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A contentious Farm Bill heads to U.S. House for debate. Also on our rundown: gaps cited in protections for small-business employees and nonprofit volunteers; plus some warning signs, that increased youth activism may not correspond to voter turnout.

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Report: Children Winning in Effort to Provide Health Coverage

A new report from the Georgetown University Center for Children and Families finds that 96 percent of children in North Carolina now are covered by health insurance. (Morguefile.com/Lou Bueno)
A new report from the Georgetown University Center for Children and Families finds that 96 percent of children in North Carolina now are covered by health insurance. (Morguefile.com/Lou Bueno)
October 27, 2016

RALEIGH, N.C. – An unprecedented number of North Carolina children are gaining access to health coverage, according to a report released today by the Georgetown University Center for Children and Families.

The report shows that 96 percent of North Carolina children have health insurance with an additional 45,000 children getting coverage since 2013.

Rob Thompson, senior policy and communications adviser with NC Child, says accessing health care opens up a lifetime of doors for the children of the state.

"Health insurance is just the linchpin of being able to access needed medical care,” he points out. “So when kids are insured they stay healthier for sure, they're able to get care for serious medical conditions and that has an impact not just on their current well-being but on their ability to get an education, to stay in the classroom."

Even though more children have insurance than ever before, according to the report, there remain 99,000 children in North Carolina without it.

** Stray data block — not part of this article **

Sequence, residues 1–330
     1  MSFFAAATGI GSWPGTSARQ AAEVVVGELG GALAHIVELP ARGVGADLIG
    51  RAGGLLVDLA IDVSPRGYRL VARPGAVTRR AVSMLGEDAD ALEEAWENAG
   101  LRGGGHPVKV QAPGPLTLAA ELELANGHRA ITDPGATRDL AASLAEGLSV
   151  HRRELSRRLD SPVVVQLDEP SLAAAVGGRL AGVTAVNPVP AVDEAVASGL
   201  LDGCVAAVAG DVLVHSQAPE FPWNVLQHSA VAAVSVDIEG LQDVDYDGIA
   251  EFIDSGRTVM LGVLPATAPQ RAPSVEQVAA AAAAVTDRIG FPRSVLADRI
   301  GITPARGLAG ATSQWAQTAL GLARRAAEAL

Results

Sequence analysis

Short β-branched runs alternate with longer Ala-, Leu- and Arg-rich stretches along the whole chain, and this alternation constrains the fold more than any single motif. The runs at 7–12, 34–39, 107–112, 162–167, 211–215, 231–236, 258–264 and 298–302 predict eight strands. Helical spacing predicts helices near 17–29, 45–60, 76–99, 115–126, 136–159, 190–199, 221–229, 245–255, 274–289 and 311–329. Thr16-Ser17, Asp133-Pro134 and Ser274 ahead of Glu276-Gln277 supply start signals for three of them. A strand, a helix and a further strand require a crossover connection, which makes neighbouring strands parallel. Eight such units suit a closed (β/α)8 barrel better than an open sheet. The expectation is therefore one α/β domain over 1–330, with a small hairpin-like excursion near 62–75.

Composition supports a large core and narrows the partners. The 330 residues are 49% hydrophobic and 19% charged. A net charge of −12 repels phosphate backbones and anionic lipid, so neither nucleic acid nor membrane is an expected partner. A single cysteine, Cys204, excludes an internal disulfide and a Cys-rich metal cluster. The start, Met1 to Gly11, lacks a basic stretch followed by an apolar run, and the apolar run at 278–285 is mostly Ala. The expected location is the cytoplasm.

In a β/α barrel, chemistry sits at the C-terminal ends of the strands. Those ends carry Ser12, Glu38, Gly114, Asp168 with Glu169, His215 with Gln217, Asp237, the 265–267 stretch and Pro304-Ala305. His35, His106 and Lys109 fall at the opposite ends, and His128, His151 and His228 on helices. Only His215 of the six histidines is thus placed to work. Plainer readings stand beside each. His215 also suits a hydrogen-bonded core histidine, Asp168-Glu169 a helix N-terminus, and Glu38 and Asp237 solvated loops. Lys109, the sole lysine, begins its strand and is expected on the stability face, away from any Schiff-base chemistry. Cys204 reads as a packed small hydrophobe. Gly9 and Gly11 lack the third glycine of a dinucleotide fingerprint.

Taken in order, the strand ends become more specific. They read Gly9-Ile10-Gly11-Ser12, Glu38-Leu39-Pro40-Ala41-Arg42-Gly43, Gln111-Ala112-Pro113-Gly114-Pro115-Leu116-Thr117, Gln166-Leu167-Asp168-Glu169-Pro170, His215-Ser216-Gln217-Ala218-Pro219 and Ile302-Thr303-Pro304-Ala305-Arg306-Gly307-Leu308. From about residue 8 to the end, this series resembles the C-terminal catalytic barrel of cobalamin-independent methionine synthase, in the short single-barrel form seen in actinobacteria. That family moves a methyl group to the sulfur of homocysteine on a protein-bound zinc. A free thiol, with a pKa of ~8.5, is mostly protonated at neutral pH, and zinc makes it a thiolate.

Nationwide about half of uninsured children live in the South, the report shows.

Joan Alker, executive director of the Georgetown University Center for Children and Families, says while the upcoming general election is highlighting areas where the country disagrees on health care, progress has still been made in securing coverage for those in need.

"We see success around the country, and I think this speaks to how despite all of the fighting and very intense partisanship around the Affordable Care Act, we can feel good as a country that we've come together through Medicaid, CHIP (Children’s Health Insurance Program) and the Affordable Care Act and really reduced the number of uninsured children," she points out.

Thompson says having health coverage as a child helps secure one's financial future.

"There are substantial long term benefits to getting kids health insurance and they involve better educational performance and outcomes, more likely to graduate high school and attend college,” he stresses. “It means that they're going to be more economically secure because they're not going to be exposed to significant financial strain as a result of medical conditions. "

North Carolina continues to miss out on additional federal dollars from the Affordable Care Act by expanding Medicaid coverage.

There are more than 350,000 people in the state who currently make too much money for Medicaid and not enough to qualify for subsidies that would offset health insurance premiums.


Stephanie Carson, Public News Service - NC